“Time to Come Home”: Returning to Hogwarts in “Crimes of Grindelwald”
SPOILERS AHEAD: PROCEED WITH CAUTION
Our first trip down memory lane in Fantastic Beasts: The Crimes of Grindelwald is to the Ministry of Magic. Not gonna lie, seeing the familiar fountains, fireplaces, and doors of the Ministry’s corridors was pretty exciting. But when the camera sweeps over (what is supposed to be) the green hills of Scotland and “Hedwig’s Theme” swells through the air, it’s hard not to succumb to complete nostalgia as Hogwarts Castle rises on the horizon.
The look and feel of the castle are a little different than it was in the Harry Potter series (as it would be, decades before Harry showed up for his first year), yet it is the Hogwarts we’ve been missing. It’s like driving down the road to an old childhood home and walking through it – other people may live there and have changed things up a bit, but the setting still feels familiar and is completely recognizable.
From our roundtable interviews with the cast and David Heyman, we did learn that the Hogwarts bridge was the only part of the exterior Hogwarts that was built. Everything else was green screened.
It was quite nostalgic when I read the script. You see the connected tissue to ‘Harry Potter’ becoming stronger. Yeah, it was really moving. I confess the set was not as elaborate as it was on the eight ‘Harry Potter’ films. It was a bridge with nothing about relevant, and that was all that I could do. So in terms of emotions and sentiment, it probably wasn’t as extraordinary as it might have been had we actually built a lot more of it.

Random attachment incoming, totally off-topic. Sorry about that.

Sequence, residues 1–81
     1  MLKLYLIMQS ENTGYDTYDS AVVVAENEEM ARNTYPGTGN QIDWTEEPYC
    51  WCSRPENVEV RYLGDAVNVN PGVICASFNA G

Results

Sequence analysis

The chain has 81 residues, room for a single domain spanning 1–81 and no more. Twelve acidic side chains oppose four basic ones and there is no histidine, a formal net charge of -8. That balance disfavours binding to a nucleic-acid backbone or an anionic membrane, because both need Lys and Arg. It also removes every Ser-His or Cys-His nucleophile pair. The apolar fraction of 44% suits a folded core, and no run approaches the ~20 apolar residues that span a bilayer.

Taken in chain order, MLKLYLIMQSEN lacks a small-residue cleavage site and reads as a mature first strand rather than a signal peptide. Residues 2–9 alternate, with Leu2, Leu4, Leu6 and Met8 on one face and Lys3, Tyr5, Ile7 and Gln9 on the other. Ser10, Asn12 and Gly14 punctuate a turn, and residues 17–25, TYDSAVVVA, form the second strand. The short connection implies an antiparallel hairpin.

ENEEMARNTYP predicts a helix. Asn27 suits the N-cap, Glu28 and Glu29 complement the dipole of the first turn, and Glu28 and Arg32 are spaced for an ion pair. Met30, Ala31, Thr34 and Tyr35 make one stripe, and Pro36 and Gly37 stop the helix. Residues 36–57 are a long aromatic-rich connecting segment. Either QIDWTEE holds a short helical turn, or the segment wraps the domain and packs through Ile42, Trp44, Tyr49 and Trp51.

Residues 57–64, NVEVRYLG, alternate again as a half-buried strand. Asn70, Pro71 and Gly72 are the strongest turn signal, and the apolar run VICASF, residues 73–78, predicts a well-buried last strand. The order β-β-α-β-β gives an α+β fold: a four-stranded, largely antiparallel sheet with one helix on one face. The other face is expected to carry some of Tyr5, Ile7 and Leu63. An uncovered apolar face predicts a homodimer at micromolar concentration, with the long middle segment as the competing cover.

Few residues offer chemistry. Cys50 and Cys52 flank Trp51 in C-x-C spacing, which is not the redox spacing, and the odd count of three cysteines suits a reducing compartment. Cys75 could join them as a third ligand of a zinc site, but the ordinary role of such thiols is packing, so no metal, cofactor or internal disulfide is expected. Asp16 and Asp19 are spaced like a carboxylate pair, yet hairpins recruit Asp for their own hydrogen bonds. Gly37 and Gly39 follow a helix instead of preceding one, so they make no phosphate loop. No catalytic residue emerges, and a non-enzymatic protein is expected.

As for the inside of the castle, once the group of Ministry leaders Apparates onto the recreated Hogwarts bridge (apparently, Apparition onto school grounds is allowed) and strolls through those familiar entrance doors, we can’t help but hold our breath. The heavy locks on the door, the clock tower, and its giant cogs…. just sit back and sigh with content.
We are then taken to a familiar decorated classroom – Defense Against the Dark Arts. That same old dragon skeleton hanging from the ceiling is apparently a permanent fixture of the room. We also couldn’t help but notice that the boggart’s wardrobe looks strikingly similar to the one Professor Lupin brought to class in Harry Potter and the Prisoner of Azkaban. It’s nice to see steadfast tradition. It was comforting to be back in class where Hogwarts curriculum hasn’t changed in 60 years (nor have the teachers, apparently) – Dumbledore’s teaching of the boggart lesson follows almost the same execution methods as Professor Lupin’s.
We see the most of Hogwarts as we walk with Leta through the castle. She, too, is reminiscing about her Hogwarts days as she walks through the castle – casting a longing look at the Great Hall for us – and finds an old desk of hers. Through her memories of Newt and Hogwarts in their younger years, we get to see more of the Hogwarts grounds – the Black Lake and the huge knobby trees surrounding it. Even though Hogwarts wasn’t home for Leta (another case of arrogant Gryffindor bullies picking on a wounded Slytherin), we are glad to be transported back to our old stomping grounds with her.
Hogwarts uniforms were slightly more stylish with Colleen Atwood’s revamped Hogwarts robes, dark blue with black velvet trimmings. House colors line the hoods and House patches have a little more flare to them. It was still heartening to see groups of Hogwarts students walking about in familiar uniforms.
Professor Dumbledore resides at Hogwarts for most of the film. Harkening back to Harry Potter and the Sorcerer’s Stone, we find him, at one point, alone in a vast room standing in front of a mirror – the same mirror in a similar room that he’d find Harry sitting in front of almost 70 years later. As gut-wrenching as this scene is, it’s hard to fight off the nostalgia of the return of the Mirror of Erised.
What are you looking forward to seeing again at Hogwarts? We can’t wait to join you on your journey back when Fantastic Beasts: The Crimes of Grindelwald is released on November 16.